Oberlin Works to Raise Minimum Wage
Here’s something you might not know about Ohio: Its minimum wage is $4.25/h — $0.90 less than the federal. In most cases, the federal minimum trumps the state, but not in all: companies that gross less than $500,000 a year in sales default to the state minimum. But perhaps not for long: Some Ohioans are petitioning to raise the wage to $6.85/h.
The petition is being circulated by Ohioans for a Fair Minimum Wage, a coalition that includes Let Justice Roll Ohio, Ohio American Federation of Labor-Congress of Industrial Organizations and Ohio state Senator C.J. Prentiss from Cleveland, who could not be reached for comment.
If the coalition gathers 322,899 signatures from registered Ohio voters by this August, a constitutional amendment will appear on the 2006 ballot that would not only raise the wage once, but stipulate that it be adjusted annually for inflation. If it passes, it will be the first Ohio legislation to raise minimum wage since 1990.
“We think this is a good way to start a serious dialogue about labor in this state,” said Tim Burga, legislative director of Ohio AFL-CIO and co-chair of the OFMW steering committee.
Joe Thayer, one of the Lorain County organizers of OFMW, said that if this initiative passes, it will have a tremendous impact on Lorain County.
“With the industrial base that this county has and the loss it [the base] has seen over the years, any little increase is going to help the middle class in this area support their families,” he said.
College senior Brendan Kelley, Oberlin campus field coordinator of congressman Sherrod Brown’s 2006 Senate campaign, is working to raise awareness of the issue locally. Kelley and other students manning Brown’s information table in Wilder have also been gathering signatures for the wage petition.
Reverend Paul Sherry, the national coordinator for Let Justice Roll, visited Oberlin on Monday to give a talk at Mount Zion Church titled “A Just Minimum Wage.”
“I was very encouraged by the gathering,” he said. “I think everyone who was there sees the justice of the issue and are eager to find out more about the campaign and how they can be involved.”
Oberlin’s response to the proposed initiative is generally positive.
“In general, all of us [in City government] would favor it,” said City Manager Robert DiSpirito. “It’s been a number of years since it’s been increased. Most employers [in the area] are already paying more than the minimum that’s being proposed, so it would be a positive thing.”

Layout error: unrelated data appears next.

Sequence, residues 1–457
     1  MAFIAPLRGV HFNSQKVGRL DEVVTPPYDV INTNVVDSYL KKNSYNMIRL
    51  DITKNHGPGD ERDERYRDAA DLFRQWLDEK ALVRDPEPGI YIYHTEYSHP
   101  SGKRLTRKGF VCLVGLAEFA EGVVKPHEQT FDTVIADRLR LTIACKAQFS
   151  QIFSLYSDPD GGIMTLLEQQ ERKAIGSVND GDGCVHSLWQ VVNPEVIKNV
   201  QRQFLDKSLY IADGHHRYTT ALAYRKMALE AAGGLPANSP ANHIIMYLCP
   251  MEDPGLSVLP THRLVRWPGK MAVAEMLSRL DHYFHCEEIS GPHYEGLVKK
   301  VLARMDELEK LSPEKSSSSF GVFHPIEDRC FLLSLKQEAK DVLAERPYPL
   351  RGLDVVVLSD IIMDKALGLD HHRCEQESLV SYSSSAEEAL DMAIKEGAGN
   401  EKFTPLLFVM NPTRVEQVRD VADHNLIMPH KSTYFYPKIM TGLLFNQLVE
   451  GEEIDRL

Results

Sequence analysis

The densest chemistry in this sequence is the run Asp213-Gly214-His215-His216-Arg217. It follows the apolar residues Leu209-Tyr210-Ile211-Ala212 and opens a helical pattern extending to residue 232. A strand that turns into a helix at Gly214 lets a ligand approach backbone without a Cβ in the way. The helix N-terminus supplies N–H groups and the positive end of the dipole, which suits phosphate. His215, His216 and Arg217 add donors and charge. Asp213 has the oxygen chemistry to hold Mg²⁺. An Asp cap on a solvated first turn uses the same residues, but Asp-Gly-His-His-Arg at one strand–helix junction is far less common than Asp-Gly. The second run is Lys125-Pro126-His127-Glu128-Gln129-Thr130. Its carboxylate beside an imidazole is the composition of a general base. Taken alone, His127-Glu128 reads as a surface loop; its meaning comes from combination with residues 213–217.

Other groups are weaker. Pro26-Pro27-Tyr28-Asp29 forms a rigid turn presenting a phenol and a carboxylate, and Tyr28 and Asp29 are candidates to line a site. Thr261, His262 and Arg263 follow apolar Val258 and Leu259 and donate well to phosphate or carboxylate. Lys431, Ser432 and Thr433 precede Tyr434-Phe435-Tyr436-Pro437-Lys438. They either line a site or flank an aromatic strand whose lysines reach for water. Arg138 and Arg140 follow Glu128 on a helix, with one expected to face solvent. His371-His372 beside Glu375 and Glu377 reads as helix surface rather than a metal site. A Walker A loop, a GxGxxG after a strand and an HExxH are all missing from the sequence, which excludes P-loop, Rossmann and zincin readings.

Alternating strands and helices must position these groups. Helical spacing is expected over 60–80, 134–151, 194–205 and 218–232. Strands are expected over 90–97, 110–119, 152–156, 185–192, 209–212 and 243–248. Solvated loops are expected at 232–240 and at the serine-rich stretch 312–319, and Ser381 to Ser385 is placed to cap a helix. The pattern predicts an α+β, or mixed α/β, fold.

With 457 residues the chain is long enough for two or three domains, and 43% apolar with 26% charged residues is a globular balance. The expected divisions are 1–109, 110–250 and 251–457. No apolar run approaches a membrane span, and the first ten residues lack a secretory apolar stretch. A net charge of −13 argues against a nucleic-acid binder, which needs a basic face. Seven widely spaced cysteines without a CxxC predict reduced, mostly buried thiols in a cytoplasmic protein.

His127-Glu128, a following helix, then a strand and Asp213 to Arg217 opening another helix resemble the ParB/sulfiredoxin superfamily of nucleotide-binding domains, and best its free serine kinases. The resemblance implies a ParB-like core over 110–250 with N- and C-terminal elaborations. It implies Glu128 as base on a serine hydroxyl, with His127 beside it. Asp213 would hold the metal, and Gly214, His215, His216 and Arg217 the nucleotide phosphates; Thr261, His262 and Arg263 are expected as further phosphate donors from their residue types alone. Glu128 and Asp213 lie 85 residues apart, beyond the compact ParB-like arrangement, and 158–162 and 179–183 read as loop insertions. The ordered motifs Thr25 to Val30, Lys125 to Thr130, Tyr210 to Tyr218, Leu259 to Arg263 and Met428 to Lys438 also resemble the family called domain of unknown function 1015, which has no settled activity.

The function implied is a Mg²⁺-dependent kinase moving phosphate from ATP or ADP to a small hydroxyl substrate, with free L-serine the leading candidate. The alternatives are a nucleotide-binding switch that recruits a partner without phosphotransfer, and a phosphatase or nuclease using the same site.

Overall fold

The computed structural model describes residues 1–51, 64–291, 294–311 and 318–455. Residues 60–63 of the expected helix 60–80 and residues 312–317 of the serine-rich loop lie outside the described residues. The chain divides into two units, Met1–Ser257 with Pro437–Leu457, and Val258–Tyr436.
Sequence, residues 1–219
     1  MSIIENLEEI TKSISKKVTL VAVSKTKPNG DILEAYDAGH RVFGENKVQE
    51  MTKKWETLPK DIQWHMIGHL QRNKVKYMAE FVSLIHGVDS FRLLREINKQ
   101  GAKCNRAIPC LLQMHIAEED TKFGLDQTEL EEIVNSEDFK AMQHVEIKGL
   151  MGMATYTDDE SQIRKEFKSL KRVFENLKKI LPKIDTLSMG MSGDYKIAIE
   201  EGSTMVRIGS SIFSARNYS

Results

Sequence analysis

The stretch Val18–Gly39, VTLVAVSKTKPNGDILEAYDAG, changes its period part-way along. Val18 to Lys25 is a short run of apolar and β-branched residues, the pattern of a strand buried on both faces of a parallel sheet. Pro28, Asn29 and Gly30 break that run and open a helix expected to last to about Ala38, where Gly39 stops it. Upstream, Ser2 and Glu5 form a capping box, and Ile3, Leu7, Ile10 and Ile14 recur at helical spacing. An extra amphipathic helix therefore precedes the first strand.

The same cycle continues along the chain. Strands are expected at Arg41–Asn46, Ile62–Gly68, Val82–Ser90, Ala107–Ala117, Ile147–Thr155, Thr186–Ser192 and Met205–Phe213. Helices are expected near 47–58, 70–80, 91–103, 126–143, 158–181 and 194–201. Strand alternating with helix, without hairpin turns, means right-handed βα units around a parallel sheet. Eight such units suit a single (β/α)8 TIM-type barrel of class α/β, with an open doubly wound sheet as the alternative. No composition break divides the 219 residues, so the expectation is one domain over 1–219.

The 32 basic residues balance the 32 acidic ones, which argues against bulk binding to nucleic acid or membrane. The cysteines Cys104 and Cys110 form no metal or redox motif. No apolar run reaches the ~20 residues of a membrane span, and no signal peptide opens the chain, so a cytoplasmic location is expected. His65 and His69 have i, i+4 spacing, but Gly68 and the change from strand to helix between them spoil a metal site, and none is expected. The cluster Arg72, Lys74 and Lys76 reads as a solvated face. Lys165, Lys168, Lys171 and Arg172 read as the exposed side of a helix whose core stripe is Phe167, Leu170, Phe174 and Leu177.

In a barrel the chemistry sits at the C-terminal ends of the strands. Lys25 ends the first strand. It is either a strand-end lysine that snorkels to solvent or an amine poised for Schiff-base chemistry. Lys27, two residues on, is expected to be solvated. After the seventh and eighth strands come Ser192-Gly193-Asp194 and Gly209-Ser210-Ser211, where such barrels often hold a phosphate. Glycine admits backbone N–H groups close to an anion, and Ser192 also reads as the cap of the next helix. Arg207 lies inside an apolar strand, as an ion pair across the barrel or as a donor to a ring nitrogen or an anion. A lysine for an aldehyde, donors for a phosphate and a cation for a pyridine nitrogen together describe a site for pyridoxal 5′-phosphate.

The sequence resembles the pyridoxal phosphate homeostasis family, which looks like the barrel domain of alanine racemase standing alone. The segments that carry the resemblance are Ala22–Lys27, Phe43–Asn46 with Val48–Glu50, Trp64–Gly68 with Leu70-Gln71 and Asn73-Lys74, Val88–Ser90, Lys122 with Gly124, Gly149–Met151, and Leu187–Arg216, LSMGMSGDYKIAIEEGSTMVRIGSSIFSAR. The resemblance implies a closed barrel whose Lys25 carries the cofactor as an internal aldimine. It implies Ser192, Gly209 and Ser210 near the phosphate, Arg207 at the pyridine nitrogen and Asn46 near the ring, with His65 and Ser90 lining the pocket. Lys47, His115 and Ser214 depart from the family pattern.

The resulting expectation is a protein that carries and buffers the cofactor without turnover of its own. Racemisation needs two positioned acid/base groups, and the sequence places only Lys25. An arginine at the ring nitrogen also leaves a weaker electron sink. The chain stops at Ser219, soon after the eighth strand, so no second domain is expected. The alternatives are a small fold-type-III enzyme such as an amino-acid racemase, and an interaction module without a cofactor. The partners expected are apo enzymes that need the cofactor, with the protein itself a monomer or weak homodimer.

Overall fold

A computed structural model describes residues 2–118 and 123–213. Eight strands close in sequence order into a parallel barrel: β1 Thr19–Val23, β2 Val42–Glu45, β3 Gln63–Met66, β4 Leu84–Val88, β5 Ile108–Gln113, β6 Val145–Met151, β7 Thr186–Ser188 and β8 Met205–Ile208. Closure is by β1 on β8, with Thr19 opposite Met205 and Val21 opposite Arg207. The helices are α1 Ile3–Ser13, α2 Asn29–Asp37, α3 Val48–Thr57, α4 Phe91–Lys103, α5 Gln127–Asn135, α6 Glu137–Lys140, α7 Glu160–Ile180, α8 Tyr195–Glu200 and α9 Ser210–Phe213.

But not everyone is pleased. Ohio State Senator and chair of the Insurance, Commerce, and Labor Committee, Steve Stivers, is concerned the initiative would directly punish small businesses. He supports raising the wage to equal but not exceed the Federal minimum.
“The problem with raising the state minimum wage above the federal is that it will increase the cost of doing business in Ohio and drive jobs out of Ohio,” said Stivers. “We’ve lost a quarter of million jobs in Ohio [in the past several years] and the last thing we need to do is drive jobs out.”
Burga, however, is confident that the new wage would stimulate economic growth.
“The people benefiting from this aren’t going to be putting this money into their savings. They’re going to put it back into the market,” Burga said.
Sherry agreed. “When [the minimum wage] was raised nationally in 1997, job growth was significant,” he said.
Sherry pointed out that the assumption that those benefiting from this increase will be part-time teenagers is false: 71 percent of minimum wage earners are at least 20 years old.
“Most people who receive minimum wage are adult women and women of color,” said Sherry. “Many teenagers who are working minimum-wage do so because they, like the rest of us, need the money to survive.”
The petition’s supporters have reason to be hopeful. The volunteer effort, responsible for gathering 150,000 signatures, has reached two-thirds of its goal already, and a July 2005 poll conducted by Lake, Snell, Perry, Mirmen & Associates showed 70 percent of Ohioans support raising the minimum wage.
“You look at [the polling data] and you look at the last election when this state was almost evenly split, you see that this isn’t primarily a liberal issue or a democratic issue. It cuts across partisan lines to mainstream conservative folks who see this as not only an economic issue, but a moral issue,” said Katy Heins, lead organizer of Let Justice Roll Ohio.
Thayer is similarly enthusiastic about the effort in Lorain. “We’re doing great. Everyone is very receptive to [the petition]. The momentum we carried for Wal-Mart in November is carrying on through these other issues” Thayer said.
But Senator Stivers is doubtful the petition will amount to much if it reaches ballot.
“In the past the voters have been very discriminating,” said
Stivers. “I have a hard time believing that they will support an issue
that will drive jobs out of Ohio.”